After more than a year, Nintendo revealed it will not continue development of its fitness-minded sleep monitoring device. Announced by former company president Satoru Iwata in October, 2014, the wireless sleep sensor was part of a proposed “quality of life” initiative at Nintendo, intended to build on the success of the Wii Fit and Wii U Fit balance boards. Earlier this week, Nintendo CEO Tatsumi Kimishima told investors the company no longer considered the sensor a viable product in a meeting following the company’s recent quarterly earnings report.
“In regards to the Quality of Life [device], which was not mentioned in any of today’s questions, we do not have the conviction that the sleep-and-fatigue-themed [device] can enter the phase of actually becoming a product,” Kimishima said, according to a translation from Wired. On the other hand, we still believe there are things we can do in the general category of Quality of Life, and we will continue to study the possibility of expanding into this field.”
Based on an early diagram, users would have placed the sensor on a nightstand or nearby table, allowing it to monitor and analyze users’ breathing, heartbeat, body movement during sleep using “non-contact sensor measurement technology and sleep condition estimation technology.” The device would also provide feedback aimed at improving the user’s lifestyle. Though the device was not connected to any console, Iwata did suggest Nintendo would incorporate its understanding of game design to make the experience of using a fitness tracker into “something fun.”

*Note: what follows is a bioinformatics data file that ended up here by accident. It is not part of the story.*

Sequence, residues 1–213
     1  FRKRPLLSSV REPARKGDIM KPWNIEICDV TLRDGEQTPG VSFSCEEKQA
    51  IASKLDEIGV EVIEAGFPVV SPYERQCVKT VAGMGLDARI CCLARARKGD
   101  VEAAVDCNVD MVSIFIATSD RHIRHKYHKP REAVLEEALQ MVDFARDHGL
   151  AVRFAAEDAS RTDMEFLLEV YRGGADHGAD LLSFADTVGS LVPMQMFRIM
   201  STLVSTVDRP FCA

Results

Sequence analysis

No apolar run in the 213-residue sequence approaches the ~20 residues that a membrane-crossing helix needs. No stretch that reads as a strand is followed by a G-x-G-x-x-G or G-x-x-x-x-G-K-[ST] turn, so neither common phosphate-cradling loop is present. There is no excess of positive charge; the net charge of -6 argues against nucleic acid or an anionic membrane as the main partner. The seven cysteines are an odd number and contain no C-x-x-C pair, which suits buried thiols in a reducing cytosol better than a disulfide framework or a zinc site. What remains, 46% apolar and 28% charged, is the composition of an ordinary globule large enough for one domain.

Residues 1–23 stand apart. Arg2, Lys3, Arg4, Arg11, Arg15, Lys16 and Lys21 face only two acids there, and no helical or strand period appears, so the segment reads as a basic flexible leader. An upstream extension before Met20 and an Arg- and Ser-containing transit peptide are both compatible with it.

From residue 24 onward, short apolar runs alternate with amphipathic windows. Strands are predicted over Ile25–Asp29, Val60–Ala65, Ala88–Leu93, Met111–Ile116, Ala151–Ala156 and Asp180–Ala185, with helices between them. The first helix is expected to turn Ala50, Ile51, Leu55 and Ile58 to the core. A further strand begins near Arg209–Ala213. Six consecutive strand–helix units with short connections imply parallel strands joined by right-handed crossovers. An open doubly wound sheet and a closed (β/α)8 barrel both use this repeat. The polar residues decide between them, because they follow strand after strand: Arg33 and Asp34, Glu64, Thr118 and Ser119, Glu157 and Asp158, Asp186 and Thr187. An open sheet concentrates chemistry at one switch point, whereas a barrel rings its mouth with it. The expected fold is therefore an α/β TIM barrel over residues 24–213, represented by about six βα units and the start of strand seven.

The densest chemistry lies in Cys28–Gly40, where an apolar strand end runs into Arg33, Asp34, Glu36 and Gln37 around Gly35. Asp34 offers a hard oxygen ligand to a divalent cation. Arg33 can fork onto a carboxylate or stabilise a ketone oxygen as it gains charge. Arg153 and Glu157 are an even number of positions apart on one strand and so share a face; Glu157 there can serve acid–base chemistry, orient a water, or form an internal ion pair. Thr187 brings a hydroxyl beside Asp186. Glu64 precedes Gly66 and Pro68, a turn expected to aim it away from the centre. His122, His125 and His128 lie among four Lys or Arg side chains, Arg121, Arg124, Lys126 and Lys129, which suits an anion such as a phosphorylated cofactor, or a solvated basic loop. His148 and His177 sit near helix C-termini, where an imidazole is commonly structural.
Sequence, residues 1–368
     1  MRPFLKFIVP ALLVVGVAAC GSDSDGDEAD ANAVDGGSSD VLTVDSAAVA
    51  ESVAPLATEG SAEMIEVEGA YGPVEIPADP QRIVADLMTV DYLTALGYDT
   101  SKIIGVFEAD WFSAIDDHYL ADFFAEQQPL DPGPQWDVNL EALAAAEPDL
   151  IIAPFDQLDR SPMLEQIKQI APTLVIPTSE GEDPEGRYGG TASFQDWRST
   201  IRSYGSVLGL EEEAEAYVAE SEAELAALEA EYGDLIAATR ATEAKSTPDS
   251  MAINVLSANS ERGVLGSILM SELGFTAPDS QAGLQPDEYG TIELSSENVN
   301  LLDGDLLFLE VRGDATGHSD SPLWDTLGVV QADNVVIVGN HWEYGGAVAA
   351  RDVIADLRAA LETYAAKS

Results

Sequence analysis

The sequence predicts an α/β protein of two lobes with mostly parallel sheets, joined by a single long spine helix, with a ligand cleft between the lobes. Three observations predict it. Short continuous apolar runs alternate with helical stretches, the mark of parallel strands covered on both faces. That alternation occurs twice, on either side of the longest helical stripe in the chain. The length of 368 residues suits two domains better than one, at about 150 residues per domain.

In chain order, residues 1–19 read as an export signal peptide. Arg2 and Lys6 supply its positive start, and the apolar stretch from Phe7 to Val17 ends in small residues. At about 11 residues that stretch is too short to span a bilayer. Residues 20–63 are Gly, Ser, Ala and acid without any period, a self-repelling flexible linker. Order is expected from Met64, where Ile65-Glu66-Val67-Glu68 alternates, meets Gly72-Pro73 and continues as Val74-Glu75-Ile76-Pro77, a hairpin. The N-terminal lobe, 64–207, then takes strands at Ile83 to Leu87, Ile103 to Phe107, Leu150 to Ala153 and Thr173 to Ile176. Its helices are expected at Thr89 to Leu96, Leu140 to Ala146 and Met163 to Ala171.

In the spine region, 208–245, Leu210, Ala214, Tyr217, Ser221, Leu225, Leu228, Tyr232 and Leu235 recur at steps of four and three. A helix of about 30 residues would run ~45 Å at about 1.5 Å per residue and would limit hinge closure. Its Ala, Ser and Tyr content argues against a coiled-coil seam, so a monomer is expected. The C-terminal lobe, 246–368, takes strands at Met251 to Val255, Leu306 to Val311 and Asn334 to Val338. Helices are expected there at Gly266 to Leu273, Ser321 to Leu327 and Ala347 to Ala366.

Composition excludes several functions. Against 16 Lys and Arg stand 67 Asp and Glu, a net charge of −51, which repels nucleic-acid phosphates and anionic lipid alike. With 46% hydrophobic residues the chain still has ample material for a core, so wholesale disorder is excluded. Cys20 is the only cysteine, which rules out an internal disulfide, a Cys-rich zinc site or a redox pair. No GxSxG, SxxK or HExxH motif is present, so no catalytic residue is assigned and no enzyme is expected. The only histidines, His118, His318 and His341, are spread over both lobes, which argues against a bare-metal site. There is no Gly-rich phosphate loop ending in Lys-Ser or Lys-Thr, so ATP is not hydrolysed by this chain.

“Fatigue and sleep are themes that are rather hard to visualize in more objective ways,” Iwata told investors during an October, 2014, presentation. “At Nintendo, we believe that if we could visualize them, there would be great potential for many people regardless of age, gender, language or culture.”
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